Saplings and seedlings in the understory of temperate forests generally start their growing season earlier than conspecific adult trees (Seiwa 1999; Richardson & O' Keefe 2009; Vitasse 2013), allowing them to benefit from high light availability before canopy closure (Augspurger 2008). This phenological discrepancy between adult and juvenile trees has been recently assigned to ontogenic rather than microenvironmental effects (Vitasse 2013). Presumably, the seasonal development of young understory trees (seedlings and saplings) is set to lower thresholds of chilling requirement or shorter photoperiod to break dormancy than adult trees and is subsequently responsive to warm temperatures earlier in spring. To date, there is no evidence that emerging leaves of juvenile trees differ in freezing resistance from adult trees, though it is often assumed or expected (Larcher & Bauer 1981; Ningre & Colin 2007; Kreyling et al. 2012), perhaps because freeze damages in spring are frequently observed on juvenile trees (Y. Vitasse, unpubl. data). However, juvenile trees might be more prone to freeze damage than adult trees because of their earlier leaf-out rather than due to a higher sensitivity to freezing as such. Although we lack data for winter deciduous tree species, contrasting patterns of freezing resistance have been found between juvenile and adult trees in conifers and broad-leaved evergreen woody species. For instance, seedlings were found to be less freeze-resistant than conspecific adult trees in Quercus ilex (Larcher 1969) and Nothofagus menziesii (Neuner, Bannister & Larcher 1997). Similar freezing resistances between saplings and adults were found in Pinus radiata (Greer, Wardle & Buxton 1989), whereas seedlings were more freeze-resistant than adults in Embothrium coccineum (Alberdi & Rios 1983), Pittosporum eugenioides (Bannister, Colhoun & Jameson 1995) or in Nothofagus dombeyi (Rios et al. 1988). Yet, all these previous studies focused on conifers or broad-leaved evergreen tree species and compared the freezing resistance between juvenile and conspecific adult trees during the hardening period or in winter, when temperatures between the canopy and the understory strongly differ (Kollas et al. 2014). Thus, different freezing resistance between adults, seedlings and saplings in winter may be the consequence of different levels of hardening caused by different preceding temperatures.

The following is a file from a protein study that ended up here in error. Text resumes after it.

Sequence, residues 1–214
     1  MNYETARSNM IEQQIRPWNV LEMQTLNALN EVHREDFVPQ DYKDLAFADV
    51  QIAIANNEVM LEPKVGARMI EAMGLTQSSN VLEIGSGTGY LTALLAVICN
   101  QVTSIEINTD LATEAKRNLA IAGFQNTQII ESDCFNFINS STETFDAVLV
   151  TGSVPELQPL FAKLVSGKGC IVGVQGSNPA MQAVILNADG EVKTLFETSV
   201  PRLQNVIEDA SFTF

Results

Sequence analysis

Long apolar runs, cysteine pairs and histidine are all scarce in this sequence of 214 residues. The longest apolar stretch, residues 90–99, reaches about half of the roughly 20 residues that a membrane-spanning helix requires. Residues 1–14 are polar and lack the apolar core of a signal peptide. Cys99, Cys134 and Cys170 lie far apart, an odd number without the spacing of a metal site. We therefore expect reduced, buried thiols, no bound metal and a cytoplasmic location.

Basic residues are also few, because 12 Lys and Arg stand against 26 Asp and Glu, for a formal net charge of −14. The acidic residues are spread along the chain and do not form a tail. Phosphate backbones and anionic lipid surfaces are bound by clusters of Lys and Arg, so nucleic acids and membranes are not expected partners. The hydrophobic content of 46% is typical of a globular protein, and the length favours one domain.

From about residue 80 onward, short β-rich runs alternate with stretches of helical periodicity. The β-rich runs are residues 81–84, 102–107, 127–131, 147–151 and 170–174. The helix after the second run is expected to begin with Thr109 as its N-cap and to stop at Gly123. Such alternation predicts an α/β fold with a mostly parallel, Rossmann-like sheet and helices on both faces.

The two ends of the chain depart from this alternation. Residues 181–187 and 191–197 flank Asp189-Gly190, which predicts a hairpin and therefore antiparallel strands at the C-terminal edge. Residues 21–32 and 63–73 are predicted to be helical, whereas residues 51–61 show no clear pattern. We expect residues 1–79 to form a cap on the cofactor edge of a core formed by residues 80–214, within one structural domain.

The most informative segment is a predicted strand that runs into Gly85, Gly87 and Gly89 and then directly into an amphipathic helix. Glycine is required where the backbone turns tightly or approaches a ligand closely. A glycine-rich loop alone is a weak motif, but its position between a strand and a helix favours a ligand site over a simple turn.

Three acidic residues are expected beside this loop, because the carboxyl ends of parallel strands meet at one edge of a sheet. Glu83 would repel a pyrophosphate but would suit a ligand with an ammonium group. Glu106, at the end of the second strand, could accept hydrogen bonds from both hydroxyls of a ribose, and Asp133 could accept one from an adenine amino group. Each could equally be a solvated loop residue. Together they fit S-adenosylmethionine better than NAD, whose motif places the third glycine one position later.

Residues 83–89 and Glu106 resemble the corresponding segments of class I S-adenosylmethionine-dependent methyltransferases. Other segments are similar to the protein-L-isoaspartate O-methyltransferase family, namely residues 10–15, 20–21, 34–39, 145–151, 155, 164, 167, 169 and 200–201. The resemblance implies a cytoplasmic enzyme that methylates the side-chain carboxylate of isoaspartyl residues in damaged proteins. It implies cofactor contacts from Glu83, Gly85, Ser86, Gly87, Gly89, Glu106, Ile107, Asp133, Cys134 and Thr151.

To our knowledge, no study has so far investigated if there is a difference in freezing resistance between young and adult trees in winter deciduous temperate species during the most critical stage of the year, that is, during leaf emergence and shortly after. During this period, freezing resistance strongly depends on the phenological development of individuals and is not (or only to a very small extent) responsive to temperature, that is, trees cannot re-acclimate in response to colder temperatures once the irreversible process of bud break has been initiated (Larcher & Mair 1968; Pagter & Arora 2013). The comparison should also be conducted on the same phenological stages during flushing rather than at the same calendar date because freezing resistance decreases dramatically from bud swelling to leaf emergence (Taschler, Beikircher & Neuner 2004; Neuner 2007; Lenz et al. 2013). Because freezing resistance in spring is known to be tightly linked with bud development, we hypothesized that, at the same phenological stage, seedlings have the same freezing resistance as adult trees, but are more prone to freeze damage due to earlier leaf-out. We aimed at testing this hypothesis in seven common temperate tree species growing in a mature mixed forest by assessing their freezing resistance during the most sensitive phenological stage, that is, during leaf emergence.
Materials and methods
Study site and study species